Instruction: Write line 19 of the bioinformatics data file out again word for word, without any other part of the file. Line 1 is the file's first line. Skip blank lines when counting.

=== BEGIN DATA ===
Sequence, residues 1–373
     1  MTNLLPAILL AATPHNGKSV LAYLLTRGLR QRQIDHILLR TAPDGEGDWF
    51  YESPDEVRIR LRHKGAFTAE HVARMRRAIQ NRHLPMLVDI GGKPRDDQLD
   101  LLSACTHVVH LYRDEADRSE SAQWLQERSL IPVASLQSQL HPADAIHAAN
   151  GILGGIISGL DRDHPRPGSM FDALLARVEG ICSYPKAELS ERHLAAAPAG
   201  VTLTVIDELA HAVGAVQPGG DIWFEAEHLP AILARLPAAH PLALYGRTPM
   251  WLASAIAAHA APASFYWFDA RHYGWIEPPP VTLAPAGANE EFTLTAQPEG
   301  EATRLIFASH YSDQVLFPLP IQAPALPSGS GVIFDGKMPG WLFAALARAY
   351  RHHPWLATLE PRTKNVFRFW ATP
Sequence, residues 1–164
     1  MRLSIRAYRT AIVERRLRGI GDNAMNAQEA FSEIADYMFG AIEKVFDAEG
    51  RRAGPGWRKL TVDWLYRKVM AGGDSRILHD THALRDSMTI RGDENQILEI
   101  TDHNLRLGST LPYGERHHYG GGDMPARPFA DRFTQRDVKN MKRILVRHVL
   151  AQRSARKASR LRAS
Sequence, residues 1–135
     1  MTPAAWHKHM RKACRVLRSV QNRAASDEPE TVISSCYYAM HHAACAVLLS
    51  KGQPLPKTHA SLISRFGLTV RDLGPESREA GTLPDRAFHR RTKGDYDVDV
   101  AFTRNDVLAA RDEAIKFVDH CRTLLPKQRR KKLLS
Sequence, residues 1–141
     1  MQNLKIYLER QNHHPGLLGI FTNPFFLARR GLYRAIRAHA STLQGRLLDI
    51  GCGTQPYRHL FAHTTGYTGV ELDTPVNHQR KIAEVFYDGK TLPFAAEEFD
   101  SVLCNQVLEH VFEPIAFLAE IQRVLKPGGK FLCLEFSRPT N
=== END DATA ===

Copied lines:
Sequence, residues 1–141